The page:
This is folk speech that is found in the maritime world. They are names that are given under various circumstances when sailing around the world. A shellback is a name given to someone who crosses the Equator for the first time while aboard a ship. A golden dragon is someone who crosses the dateline. The dateline is the imaginary line that runs North-South through the Pacific Ocean, on the other side of the globe as the prime meridian. Finally, a golden shellback is someone who crosses where the international date line meets the equator for the first time. These names are given to sailors to recognize their global travels. Sometimes, this is accompanied by hazing if it is the first time the sailors have received this name, such as treading water in the ocean. The informant has not crossed any of these lines by ship but was involved in the sailing community growing up and associated with people that had done this.
The informant learned about this folk speech from his uncle when he was growing up. They remember it because they had always been interested in making these achievements and traveling the world by ship. The informant always looked up to people that had done this because he thought they were hardy and real seamen/adventurers. There are other terms used for some of these accomplishments, such as a son of Neptune. There are names for people who have done none of these, like tadpoles, as well.
It is certainly an achievement to have accomplished this, but the navy and other similar organizations are notorious for hazing and rites of passage, being secluded on a boat with just other sailors. It is interesting to think about in comparison to other rites of passage within different branches of the military. Although this is a general sea term overall, it is often used frequently in navies across the globe.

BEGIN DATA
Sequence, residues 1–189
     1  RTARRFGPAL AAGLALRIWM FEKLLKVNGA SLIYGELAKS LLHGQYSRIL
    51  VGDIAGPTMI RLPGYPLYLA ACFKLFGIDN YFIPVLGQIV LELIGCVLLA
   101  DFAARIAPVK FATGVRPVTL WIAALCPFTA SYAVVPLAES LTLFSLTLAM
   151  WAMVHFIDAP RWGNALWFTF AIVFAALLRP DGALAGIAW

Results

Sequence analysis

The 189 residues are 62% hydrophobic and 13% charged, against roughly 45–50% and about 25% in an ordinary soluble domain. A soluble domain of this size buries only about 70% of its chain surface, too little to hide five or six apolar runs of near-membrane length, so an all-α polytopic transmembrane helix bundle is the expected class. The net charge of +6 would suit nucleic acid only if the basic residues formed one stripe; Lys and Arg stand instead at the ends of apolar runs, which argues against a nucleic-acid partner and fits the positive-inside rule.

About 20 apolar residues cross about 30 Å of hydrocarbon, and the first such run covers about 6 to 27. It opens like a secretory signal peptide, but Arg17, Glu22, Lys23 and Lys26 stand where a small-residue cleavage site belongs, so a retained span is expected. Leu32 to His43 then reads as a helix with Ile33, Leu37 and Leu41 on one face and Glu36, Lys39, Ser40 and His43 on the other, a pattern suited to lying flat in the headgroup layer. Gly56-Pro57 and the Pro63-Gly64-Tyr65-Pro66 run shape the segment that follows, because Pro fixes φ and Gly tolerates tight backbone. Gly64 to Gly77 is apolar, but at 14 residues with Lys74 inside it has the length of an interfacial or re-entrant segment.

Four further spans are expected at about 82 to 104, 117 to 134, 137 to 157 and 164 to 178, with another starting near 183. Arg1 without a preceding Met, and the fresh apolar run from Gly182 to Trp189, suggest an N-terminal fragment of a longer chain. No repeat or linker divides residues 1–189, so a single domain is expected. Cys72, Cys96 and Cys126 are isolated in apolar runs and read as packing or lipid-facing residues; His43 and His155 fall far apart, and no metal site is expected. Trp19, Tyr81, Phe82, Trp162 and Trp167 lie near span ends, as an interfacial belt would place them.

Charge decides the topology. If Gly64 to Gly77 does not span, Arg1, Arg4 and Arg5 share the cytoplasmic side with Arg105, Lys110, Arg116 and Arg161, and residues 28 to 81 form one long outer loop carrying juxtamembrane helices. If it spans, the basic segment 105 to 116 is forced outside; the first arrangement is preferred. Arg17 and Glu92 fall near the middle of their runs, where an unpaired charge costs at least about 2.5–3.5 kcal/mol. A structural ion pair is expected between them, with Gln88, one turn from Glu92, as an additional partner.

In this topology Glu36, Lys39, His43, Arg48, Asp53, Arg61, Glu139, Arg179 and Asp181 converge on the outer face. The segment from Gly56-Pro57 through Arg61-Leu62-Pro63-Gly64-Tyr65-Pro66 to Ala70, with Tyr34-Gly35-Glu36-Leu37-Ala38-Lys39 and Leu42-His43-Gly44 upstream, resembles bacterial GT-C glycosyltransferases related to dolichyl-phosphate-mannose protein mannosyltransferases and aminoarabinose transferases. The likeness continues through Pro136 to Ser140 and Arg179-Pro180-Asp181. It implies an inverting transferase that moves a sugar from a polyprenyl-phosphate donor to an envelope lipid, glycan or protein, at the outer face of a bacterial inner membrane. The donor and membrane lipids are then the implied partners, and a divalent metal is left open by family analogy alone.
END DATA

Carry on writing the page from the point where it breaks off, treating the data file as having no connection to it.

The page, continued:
This folklore is a holiday celebrated by the Scottish. It takes on January 25 and is used to celebrate the poet Robert Burns. Typically, families host a supper that begins with mingling. Poems by Robert Burns are recited. He is a very important figure in Scottish lore because many refer to him as a hero of Scotland, being their national poet. It is also referred to as Rabbie Burns Day. A traditional Scottish supper is then hosted, with a principle dish being Haggis. Haggis is the national food of Scotland and is meat mixed with oatmeal and seasoning that is then cooked in an animal’s stomach. There is a poem recited about Haggis because of how important it is to Scottish culture. Of course, whiskey is then drunk after this.
The informant spent four years living in Scotland when she was a young girl. She attended what would be the equivalent of an American middle school. She remembers this night well because it takes one day before her birthday. In addition, it represents a very Scottish dinner and was quite a culture shock coming from California. They learned it from their Scottish family friends who helped introduce them to Scottish culture. It is always a fun event that emphasizes heritage, pride in one’s country, as well as a close friends and family gathering.
I like the idea of celebrating culture as a national holiday. In America, there are few holidays that are geared towards the arts and Robert Burns Day helps young children stay connected to their traditional Scottish roots.